2006 Mazda5 Touring Review
DRIVING DOWN THE ROAD
WITH CAREY RUSS
2006 Mazda5 Touring
SEE ALSO: New Car Buyer's Guide for Mazda
It could be confusing. There a Mazda MX-5, and there is a Mazda5. But place the two side by side, and confusion evaporates. The MX-5, also known as the Miata, is the best-selling two-seat roadster in history. The Mazda5 is a... ???
Taxonomy fails at times like this. From a distance, a Mazda5 looks like a minivan. Its one-and-a-half box shape, with sliding doors on each side and a liftgate at the rear, says minivan. But doesn't Mazda already have a minivan in its MPV?
Indeed it does, and a closer look at the Mazda5 shows it to be noticeably smaller than the MPV, which is already one of the few current minivans that doesn't aspire to be a full-size van. With sport-compact styling clues like clear plastic covers over colored taillights, and, optionally on the Sport model or standard on the premium Touring model, lower cladding and a hot hatch-style rear visor wing, the Mazda5 is obviously not being aimed at your basic soccer mom.
Instead, the Mazda5 is being marketed to young and young-at-heart ``active lifestyle'' people as an alternative to any existing vehicular form, and Mazda calls the Mazda5 a ``multi-activity vehicle.'' More succinctly, it's yet another new-category crossover vehicle, in this case blending the space efficiency and passenger/cargo versatility of a minivan with a sporty small car, the Mazda3.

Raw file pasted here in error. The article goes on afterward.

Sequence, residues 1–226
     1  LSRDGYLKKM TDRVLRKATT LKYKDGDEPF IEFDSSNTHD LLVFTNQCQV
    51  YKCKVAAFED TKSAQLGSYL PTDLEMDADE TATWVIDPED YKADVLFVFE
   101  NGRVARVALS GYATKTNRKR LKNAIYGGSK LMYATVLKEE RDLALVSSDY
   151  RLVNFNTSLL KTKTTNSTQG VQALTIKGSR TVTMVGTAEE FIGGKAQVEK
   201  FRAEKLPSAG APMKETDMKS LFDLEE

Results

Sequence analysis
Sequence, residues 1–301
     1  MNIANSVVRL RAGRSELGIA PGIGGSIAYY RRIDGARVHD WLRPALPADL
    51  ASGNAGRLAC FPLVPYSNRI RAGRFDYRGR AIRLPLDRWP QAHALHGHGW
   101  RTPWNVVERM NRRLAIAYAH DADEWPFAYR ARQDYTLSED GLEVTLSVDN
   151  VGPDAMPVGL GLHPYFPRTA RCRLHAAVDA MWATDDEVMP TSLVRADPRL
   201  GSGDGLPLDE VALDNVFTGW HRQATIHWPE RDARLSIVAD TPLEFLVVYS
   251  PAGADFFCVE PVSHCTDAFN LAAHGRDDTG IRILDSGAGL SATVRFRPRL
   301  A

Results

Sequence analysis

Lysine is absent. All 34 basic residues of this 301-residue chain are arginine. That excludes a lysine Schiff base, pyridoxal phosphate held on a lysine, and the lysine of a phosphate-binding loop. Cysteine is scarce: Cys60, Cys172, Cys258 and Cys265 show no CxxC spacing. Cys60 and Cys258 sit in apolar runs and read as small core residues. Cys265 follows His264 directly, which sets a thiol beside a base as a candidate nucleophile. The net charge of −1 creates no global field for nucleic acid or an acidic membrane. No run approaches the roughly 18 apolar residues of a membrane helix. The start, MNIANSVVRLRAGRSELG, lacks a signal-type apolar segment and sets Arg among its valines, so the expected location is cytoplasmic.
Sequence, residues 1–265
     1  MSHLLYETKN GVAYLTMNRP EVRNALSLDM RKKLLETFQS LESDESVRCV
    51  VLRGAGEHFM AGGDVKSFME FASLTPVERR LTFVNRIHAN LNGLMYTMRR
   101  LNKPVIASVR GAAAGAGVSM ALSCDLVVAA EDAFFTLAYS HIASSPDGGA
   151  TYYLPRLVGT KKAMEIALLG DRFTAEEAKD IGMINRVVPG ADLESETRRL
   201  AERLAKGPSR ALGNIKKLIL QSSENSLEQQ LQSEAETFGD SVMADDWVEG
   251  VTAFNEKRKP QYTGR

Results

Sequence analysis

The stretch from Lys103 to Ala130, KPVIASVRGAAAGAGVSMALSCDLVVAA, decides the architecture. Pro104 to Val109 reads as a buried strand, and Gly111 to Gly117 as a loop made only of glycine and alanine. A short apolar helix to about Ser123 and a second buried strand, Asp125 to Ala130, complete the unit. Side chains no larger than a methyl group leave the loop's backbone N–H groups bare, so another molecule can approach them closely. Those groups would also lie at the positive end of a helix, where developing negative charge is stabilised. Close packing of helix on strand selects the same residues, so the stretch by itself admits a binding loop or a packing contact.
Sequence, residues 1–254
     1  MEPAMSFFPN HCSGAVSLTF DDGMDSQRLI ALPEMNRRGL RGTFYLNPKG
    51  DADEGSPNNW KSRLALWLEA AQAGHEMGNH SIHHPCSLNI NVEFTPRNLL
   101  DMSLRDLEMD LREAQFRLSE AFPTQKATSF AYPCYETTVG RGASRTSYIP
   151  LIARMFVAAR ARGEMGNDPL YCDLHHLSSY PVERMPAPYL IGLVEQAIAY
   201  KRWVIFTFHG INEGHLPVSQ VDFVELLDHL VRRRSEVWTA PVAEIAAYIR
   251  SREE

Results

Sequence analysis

The Mazda5 was created by stretching a Mazda3 over four inches in wheelbase, with major revisions to the floorpan for its six-passenger, three-row seating configuration. In footprint, it's about the size of a compact wagon, but its relatively long wheelbase - three inches greater than the larger Mazda6 wagon - and tall stance with short overhangs all promise, and deliver, great space efficiency. The openings for the sliding doors are actually larger than those of the MPV minivan, and make passenger access in tight parking spaces a snap.
Both the Sport and Touring models feature a re-tuned version of Mazda's 2.3-liter four-cylinder engine with 157 horsepower and 148 lb-ft of torque matched to a standard five-speed manual or optional four-speed automatic transmission, and four-wheel antilock disc brakes. Both feature 2+2+2 seating, with the rear two rows folding separately and the second row adjustable fore-and-aft for legroom. The main differences between the two are in exterior trim and interior appointment, with the Touring having automatic climate control and an upgraded audio system.
During my week with the Mazda5 Touring I had just parked and unloaded my bicycle for a ride at a spot popular with cyclists. No problem there - with the second and third rows folded, the bike fit easily, with no disassembly required. The car got plenty of looks, and one cyclist stopped, interested, and wanted to know all about it. What's there to say? The Mazda5 has plenty of space inside for bicycles, snowboards, boogie boards, skis, camping gear, climbing gear, dogs, people, groceries, you name it, without being large and unwieldy outside. It's comfortable on the road, with better handling and fuel economy than a regular minivan or even many crossover SUVs. And the price is right, too, at just over $20,000 well-equipped.
APPEARANCE: It is the box it came in, but that's the point. Take one medium-sized box, taper it a bit for aerodynamics and style, and add a small, sloping and sculpted second box to the front for the drivetrain. Result? One Mazda5. The stylistic details are pure Mazda, an angularly-bulging hood that flows into the corporate five-point grille with logo, bright complex headlights, and sporty-looking but not overdone wheel arches. Standard on the Touring and optional on the Sport is an aero kit comprised of lower front and side extensions, foglamps, and a spoiler over the top of the tailgate. All models have clear covers over colored taillights mounted high on the D-pillars, for a European look.